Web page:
Organizers of a fast-food worker strike scheduled for later this month say the strike threat prompted McDonald’s to announce it is giving workers a pay raise. However, the strike is still on because the raise is not enough and most McDonald’s employees won’t get it.
McDonald’s President and CEO Steve Easterbrook announced on Wednesday that the company would be paying workers at least $1 more than the local minimum wage starting in July. McDonald’s will also let workers who have been with the company for more than a year earn up to five days of paid time off each year. However, that only applies to corporate owned stores. There are three corporate owned stores in the Twin Cities area — two of them in Minneapolis — with the rest owned by franchisees. Nationwide, only about 10% of McDonald’s employees work at the corporate owned restaurants.
On Thursday, organizers of McDonald’s workers who are members of Centro de Trabajadores Unidos en la Lucha (CTUL) called the wage increase a “publicity stunt” and demanded that the company raise its wages to a minimum of $15 an hour for all workers.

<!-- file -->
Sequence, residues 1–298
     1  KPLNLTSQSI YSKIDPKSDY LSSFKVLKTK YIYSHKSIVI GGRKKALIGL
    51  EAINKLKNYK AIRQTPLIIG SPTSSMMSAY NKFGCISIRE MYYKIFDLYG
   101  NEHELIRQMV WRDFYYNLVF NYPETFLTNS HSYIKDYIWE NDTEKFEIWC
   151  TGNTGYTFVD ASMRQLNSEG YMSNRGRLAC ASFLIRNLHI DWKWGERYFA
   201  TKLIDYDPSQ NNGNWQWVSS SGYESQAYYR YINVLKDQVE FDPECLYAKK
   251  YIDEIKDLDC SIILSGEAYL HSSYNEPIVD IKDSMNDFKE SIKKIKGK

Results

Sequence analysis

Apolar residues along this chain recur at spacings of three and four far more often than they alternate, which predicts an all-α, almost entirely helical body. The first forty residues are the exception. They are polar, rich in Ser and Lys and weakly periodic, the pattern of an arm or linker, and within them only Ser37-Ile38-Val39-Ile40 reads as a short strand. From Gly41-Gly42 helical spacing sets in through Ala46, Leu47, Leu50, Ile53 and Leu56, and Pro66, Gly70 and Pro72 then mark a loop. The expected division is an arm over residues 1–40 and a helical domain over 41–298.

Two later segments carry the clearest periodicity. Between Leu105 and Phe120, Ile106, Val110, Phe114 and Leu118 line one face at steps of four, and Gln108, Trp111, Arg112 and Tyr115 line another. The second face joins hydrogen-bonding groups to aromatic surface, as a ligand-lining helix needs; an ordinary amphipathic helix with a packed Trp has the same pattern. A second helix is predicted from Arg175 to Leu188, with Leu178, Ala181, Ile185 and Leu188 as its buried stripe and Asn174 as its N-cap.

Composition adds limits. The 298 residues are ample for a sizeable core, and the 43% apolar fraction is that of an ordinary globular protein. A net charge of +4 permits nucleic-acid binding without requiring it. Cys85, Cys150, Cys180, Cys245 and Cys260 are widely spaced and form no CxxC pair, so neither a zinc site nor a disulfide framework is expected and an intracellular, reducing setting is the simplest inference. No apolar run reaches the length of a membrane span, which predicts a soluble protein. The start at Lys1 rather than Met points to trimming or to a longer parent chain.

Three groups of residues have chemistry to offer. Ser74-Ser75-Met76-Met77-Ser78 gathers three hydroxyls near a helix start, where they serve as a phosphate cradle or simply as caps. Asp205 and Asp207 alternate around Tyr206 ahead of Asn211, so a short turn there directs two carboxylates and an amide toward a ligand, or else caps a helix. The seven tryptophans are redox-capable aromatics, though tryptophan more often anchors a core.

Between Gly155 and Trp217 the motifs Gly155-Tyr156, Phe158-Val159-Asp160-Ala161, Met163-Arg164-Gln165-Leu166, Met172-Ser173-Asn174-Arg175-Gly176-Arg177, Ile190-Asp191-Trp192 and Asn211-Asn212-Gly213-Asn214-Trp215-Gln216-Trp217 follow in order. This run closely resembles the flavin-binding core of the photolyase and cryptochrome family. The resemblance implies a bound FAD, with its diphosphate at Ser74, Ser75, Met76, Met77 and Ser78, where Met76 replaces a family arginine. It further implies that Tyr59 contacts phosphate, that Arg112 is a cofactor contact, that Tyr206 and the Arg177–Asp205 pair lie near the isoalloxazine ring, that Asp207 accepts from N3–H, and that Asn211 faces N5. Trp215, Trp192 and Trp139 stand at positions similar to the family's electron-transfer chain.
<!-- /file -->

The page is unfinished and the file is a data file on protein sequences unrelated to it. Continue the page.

“McDonald’s, thank you for acknowledging the hard work that workers have been doing in organizing. But workers are going to continue to organize until they get what they want,” said CTUL organizer Taylor Shevey. “And thank you for coming out publicly, but let’s be honest, it was just a stunt.”
Guillermo Lindsey, who works at a McDonald’s, was also less than impressed with the corporation’s action. “Every year we help McDonald’s gross $5 billion in profit and they give us a measly $1 raise. No, I don’t want that. I want $15 (an hour) and a union. Don’t you?”
Organizers say strikes will happen at 17 Twin Cities fast-food restaurants on April 15 starting with a 5:30 a.m. rally and ending with a 4:30 p.m. rally at the University of Minnesota.